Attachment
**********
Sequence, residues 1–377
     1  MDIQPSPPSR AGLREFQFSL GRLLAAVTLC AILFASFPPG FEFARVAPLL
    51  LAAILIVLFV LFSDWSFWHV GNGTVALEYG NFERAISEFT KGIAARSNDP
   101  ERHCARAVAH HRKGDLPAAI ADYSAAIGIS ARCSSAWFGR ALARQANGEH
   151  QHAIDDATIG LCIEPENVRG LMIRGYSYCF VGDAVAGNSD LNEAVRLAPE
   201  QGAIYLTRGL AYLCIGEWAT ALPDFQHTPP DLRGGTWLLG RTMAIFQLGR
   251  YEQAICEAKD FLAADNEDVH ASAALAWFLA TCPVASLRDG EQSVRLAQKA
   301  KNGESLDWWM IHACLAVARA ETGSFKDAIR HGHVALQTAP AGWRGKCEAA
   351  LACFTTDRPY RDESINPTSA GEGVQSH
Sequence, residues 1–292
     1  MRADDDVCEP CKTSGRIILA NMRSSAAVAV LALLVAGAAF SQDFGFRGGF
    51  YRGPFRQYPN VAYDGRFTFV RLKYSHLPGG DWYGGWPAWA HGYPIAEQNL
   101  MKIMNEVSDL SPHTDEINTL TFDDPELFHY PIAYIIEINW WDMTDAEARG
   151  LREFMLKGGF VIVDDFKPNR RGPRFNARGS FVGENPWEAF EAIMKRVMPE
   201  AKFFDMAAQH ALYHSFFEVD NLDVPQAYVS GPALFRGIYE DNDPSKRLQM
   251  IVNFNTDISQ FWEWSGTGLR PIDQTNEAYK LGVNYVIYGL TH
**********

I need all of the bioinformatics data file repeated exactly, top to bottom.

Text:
Sequence, residues 1–377
     1  MDIQPSPPSR AGLREFQFSL GRLLAAVTLC AILFASFPPG FEFARVAPLL
    51  LAAILIVLFV LFSDWSFWHV GNGTVALEYG NFERAISEFT KGIAARSNDP
   101  ERHCARAVAH HRKGDLPAAI ADYSAAIGIS ARCSSAWFGR ALARQANGEH
   151  QHAIDDATIG LCIEPENVRG LMIRGYSYCF VGDAVAGNSD LNEAVRLAPE
   201  QGAIYLTRGL AYLCIGEWAT ALPDFQHTPP DLRGGTWLLG RTMAIFQLGR
   251  YEQAICEAKD FLAADNEDVH ASAALAWFLA TCPVASLRDG EQSVRLAQKA
   301  KNGESLDWWM IHACLAVARA ETGSFKDAIR HGHVALQTAP AGWRGKCEAA
   351  LACFTTDRPY RDESINPTSA GEGVQSH
Sequence, residues 1–292
     1  MRADDDVCEP CKTSGRIILA NMRSSAAVAV LALLVAGAAF SQDFGFRGGF
    51  YRGPFRQYPN VAYDGRFTFV RLKYSHLPGG DWYGGWPAWA HGYPIAEQNL
   101  MKIMNEVSDL SPHTDEINTL TFDDPELFHY PIAYIIEINW WDMTDAEARG
   151  LREFMLKGGF VIVDDFKPNR RGPRFNARGS FVGENPWEAF EAIMKRVMPE
   201  AKFFDMAAQH ALYHSFFEVD NLDVPQAYVS GPALFRGIYE DNDPSKRLQM
   251  IVNFNTDISQ FWEWSGTGLR PIDQTNEAYK LGVNYVIYGL TH